The following month, September, starts on a Wednesday. In the first row, we leave Sunday through Tuesday (cells one through three) empty. Our first week of September is a partial week, as is the fifth week ending on Thursday.
As we can see, a month will generally pass through at least five weeks (unless it’s a February starting on a Sunday, and not a leap year). A month will actually pass through six weeks if it starts on a Saturday, or has thirty-one days and starts on a Friday (again February, of course, is the exception). October, 2010 starts on a Friday and ends on the Sunday of week six.
As we position our event information, we’ll need to account for these six possible weeks. If you prefer your week to start on Monday as opposed to Sunday, you can refer to our updated post.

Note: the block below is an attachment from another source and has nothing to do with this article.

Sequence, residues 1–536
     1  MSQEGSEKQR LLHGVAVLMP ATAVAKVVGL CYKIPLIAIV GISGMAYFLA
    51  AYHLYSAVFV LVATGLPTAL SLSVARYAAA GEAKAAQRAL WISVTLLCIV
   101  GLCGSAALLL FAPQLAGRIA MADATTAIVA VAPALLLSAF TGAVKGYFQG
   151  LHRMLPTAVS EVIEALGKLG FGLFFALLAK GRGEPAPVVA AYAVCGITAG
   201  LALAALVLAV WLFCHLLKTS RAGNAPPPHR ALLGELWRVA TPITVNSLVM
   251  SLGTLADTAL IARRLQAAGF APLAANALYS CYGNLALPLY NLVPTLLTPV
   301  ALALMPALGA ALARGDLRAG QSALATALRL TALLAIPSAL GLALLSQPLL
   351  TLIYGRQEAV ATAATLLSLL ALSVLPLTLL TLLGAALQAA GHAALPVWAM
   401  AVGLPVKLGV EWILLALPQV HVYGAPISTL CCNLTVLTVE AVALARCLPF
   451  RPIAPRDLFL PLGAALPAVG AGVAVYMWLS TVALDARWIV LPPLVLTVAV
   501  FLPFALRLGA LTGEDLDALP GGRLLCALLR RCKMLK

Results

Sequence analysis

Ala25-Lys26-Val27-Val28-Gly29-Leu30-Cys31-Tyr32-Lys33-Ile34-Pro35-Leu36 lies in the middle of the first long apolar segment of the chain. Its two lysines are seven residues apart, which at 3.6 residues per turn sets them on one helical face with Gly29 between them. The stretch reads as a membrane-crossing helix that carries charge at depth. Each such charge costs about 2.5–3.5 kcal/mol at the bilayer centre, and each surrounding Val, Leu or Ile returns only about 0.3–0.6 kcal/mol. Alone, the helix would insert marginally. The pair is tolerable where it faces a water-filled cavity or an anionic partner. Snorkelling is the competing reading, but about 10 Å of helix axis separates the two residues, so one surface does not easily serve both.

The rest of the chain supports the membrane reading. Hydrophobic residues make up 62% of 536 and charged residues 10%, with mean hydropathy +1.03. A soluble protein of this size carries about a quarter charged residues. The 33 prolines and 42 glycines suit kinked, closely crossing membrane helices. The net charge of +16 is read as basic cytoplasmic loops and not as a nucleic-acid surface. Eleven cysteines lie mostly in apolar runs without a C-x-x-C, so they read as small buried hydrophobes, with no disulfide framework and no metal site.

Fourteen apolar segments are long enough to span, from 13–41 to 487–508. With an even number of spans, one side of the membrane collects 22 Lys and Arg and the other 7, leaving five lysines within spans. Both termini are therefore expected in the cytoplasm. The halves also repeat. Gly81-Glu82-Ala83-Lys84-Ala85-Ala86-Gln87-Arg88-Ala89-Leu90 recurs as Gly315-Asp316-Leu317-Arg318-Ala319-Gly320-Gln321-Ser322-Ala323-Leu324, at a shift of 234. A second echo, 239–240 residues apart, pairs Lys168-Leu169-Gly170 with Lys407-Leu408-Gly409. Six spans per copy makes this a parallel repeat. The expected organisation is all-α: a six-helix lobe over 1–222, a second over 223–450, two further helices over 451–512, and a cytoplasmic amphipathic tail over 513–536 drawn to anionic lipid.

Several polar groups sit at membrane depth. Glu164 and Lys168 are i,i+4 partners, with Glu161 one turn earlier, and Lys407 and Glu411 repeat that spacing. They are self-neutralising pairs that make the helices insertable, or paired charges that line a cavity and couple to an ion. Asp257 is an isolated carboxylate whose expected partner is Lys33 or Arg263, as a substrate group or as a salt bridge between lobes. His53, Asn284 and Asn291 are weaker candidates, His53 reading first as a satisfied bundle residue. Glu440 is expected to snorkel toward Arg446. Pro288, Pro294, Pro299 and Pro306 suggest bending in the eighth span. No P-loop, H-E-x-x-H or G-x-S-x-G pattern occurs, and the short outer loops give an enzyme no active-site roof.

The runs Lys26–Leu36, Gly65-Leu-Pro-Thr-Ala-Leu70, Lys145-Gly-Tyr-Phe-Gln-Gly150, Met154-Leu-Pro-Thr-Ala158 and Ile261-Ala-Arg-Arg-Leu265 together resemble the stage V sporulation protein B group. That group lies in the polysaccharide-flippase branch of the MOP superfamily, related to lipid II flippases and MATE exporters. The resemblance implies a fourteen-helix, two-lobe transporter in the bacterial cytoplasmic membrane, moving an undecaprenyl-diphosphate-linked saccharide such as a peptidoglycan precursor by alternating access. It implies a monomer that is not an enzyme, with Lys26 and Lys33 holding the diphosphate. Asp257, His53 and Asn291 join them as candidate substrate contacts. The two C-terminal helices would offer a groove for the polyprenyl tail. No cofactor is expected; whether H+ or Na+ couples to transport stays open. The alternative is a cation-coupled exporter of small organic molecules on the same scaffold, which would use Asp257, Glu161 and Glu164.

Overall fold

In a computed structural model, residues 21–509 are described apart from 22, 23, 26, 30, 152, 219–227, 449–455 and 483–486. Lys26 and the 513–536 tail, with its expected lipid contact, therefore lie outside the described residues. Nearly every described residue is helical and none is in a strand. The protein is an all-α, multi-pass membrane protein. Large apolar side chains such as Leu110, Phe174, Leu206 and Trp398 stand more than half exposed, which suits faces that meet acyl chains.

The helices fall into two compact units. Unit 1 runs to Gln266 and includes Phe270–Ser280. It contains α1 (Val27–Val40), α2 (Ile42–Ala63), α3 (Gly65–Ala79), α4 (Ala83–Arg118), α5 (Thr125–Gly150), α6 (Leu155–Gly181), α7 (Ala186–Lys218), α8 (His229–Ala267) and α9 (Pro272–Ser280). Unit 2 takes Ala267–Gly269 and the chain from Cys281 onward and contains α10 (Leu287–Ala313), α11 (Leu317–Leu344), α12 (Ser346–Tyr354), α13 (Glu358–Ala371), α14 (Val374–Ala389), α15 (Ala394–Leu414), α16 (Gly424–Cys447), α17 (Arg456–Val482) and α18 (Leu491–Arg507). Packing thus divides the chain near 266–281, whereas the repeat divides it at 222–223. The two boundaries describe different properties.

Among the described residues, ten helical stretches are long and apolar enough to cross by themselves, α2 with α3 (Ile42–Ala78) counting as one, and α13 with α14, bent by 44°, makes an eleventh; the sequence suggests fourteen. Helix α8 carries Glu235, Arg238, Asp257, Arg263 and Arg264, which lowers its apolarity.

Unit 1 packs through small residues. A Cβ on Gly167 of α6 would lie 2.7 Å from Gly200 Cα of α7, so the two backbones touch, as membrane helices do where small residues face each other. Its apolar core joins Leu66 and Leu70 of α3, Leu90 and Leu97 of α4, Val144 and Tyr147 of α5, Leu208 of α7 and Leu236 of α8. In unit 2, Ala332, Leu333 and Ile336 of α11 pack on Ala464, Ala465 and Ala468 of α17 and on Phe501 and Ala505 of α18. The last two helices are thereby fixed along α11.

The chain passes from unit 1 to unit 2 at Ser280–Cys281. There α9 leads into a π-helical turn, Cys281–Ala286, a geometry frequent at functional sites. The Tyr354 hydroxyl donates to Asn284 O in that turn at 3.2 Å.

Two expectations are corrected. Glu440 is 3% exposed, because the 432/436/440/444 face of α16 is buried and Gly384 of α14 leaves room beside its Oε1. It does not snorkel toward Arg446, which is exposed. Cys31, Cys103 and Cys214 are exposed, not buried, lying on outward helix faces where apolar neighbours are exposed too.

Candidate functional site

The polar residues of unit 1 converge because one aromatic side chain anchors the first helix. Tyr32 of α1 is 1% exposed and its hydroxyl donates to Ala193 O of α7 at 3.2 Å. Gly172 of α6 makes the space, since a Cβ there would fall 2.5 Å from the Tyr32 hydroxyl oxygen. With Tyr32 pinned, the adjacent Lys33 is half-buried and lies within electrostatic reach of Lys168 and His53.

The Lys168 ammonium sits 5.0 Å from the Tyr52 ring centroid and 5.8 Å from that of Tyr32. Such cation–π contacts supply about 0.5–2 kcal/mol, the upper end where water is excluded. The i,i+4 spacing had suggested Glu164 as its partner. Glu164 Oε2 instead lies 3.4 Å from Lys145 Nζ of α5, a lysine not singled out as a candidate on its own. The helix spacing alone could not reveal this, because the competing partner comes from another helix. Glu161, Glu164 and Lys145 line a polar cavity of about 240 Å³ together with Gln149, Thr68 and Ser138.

While there are 42 days in six weeks, we technically only need to worry about the first 37 of them; at most, a month will end on the Monday of the sixth week. We usually tackle all 42 days, as that allows us to decide whether or not to show event information in the “extra” days that make up the partial weeks at the beginning or end of the month.
Setting the position of the days
To specify a month, we start by choosing a date (in the field datePicked): we’ll go with October 9, 2010. To see a calendar for October, we’ll need to figure out the first and last days of that month. The first of the month is easy: starting with datePicked, we take the same month and year, and set the day to the first:
Date ( Month ( datePicked ) ; 1 ; Year ( datePicked ) )
Determining the last of the month isn't too difficult. We could jump through all kinds of hoops to test to see if our given month has thirty or thirty-one days, or if it’s February, and if so, if it’s a leap year. Or we can take the much easier route of finding the first day of the next month, and then subtracting one from the day to go backwards:
Date ( Month ( datePicked ) + 1 ; 1 ; Year ( datePicked ) ) - 1